Stephen Paulus was born in 1949. His recording, To Be Certain of the Dawn, was composed at the invitation of Minnesota Orchestra and The Basilica of St. Mary. The recording celebrates the 60th anniversary of the liberation of the Nazi death camps and the 40th anniversary of the publication of Nostra Aetate (Latin for “In Our Times”), the seminal Vatican II document that condemned blaming Jews for the death of Christ.
How is this piece different from the works you composed in the past?
It is probably the longest work for chorus and orchestra that I have written. It is the only one with 4 soloists and a cantor and it also is the only one to deal with a serious social and political subject
What was the creative process like? Did you face any challenges composing this?
The inspiration for this work comes from the serious nature of the subject matter and the words of Michael Dennis Browne. He and I are long-time collaborators and have a wonderful way of working together. This project was no different from the other 15 or so that we have co-authored. One of the challenges was to say something new about the subject and to do it with sensitivity and skill.
Why did you name sections of your work as Renewal, Remembrance and Visions?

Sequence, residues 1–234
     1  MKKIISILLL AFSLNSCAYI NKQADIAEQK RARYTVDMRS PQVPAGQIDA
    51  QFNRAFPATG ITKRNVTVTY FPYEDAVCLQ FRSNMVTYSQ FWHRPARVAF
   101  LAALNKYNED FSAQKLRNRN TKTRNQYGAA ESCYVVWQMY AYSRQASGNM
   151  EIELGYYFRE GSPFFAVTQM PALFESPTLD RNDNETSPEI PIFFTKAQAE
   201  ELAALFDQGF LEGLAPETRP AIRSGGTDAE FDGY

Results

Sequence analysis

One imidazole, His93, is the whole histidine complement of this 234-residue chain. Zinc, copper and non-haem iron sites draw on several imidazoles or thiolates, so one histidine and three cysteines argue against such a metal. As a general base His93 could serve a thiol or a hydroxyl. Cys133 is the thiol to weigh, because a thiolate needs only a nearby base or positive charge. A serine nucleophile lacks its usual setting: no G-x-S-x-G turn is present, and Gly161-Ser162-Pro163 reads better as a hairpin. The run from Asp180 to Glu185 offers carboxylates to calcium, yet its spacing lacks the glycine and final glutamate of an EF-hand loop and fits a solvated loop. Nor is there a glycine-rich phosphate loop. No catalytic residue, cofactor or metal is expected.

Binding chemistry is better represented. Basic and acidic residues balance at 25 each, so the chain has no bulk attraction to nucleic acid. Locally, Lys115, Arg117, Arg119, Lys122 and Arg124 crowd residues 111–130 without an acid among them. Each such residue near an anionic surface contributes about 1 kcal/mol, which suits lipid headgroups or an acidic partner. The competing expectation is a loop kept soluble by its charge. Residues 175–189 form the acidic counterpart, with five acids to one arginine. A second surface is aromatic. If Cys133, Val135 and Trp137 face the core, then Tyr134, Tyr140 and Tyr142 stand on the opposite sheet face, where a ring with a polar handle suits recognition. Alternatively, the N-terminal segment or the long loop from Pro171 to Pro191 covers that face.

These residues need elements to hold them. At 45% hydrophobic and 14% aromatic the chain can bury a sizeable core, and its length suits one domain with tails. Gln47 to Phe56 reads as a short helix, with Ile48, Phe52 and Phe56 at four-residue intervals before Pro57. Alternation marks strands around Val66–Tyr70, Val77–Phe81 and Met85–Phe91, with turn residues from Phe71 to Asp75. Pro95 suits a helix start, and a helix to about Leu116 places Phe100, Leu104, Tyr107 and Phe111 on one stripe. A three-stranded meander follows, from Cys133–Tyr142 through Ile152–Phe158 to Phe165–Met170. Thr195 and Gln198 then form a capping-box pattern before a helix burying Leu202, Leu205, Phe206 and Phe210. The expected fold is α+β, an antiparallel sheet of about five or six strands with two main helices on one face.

The names for the 3 major sections (I. Returning, II. Renewal and III. Remembrance) grew out of my decision to group the work into three major concepts. I felt strongly that people would be able to get their ears around the subject more easily if the many disparate little sections were grouped under major headings. I think it does work.
Can we talk about the significance of using music to mourn the victims of the Holocaust, from your point of view?
Music has so much power to move, to inspire and to create real change. It has the ability to make words more powerful in their content and delivery. It measures and metes words out at a pace determined by the composer who can at least attempt to calculate their effect.
Review of To Be Certain of the Dawn:
Vatican-Jewish relations have been full of tension for years. The latest debacle in this relationship was caused by Briton Richard Williamson, a member of the extremely conservative Society of Saint Pius X. Williamson has denied the existence of the Holocaust, something the current Pope failed to remember when he lifted his excommunication.
Yet there have been reconciliatory efforts between Jews and Catholics. The newest area of reconciliation is music. The work of Stephen Paulus, performed by the Minnesota Orchestra and its chorus, is the latest example of how Catholics and Jews can share their celebration of the Vatican reform in 1968 and the liberation of Nazi Death Camps in 1948.
To Be Certain of the Dawn is a work in three sections, with a great arrangement between the soloists and the chorus. The chorus is able to recreate the atmosphere of blindness and ignorance towards the sufferings of Jews during the Second World War. In the “Vision” section in particular, the chorus does a wonderful job of outlining both the sorrow and hope of people tortured and killed in the Holocaust.
The most important aspect of this work is the reminder that music is the common language of humanity. It creates a new atmosphere, bringing more clarity than simple rhetoric. Actions may speak louder than words, but music can give actions more profound depth – and this production is a testament to the latter.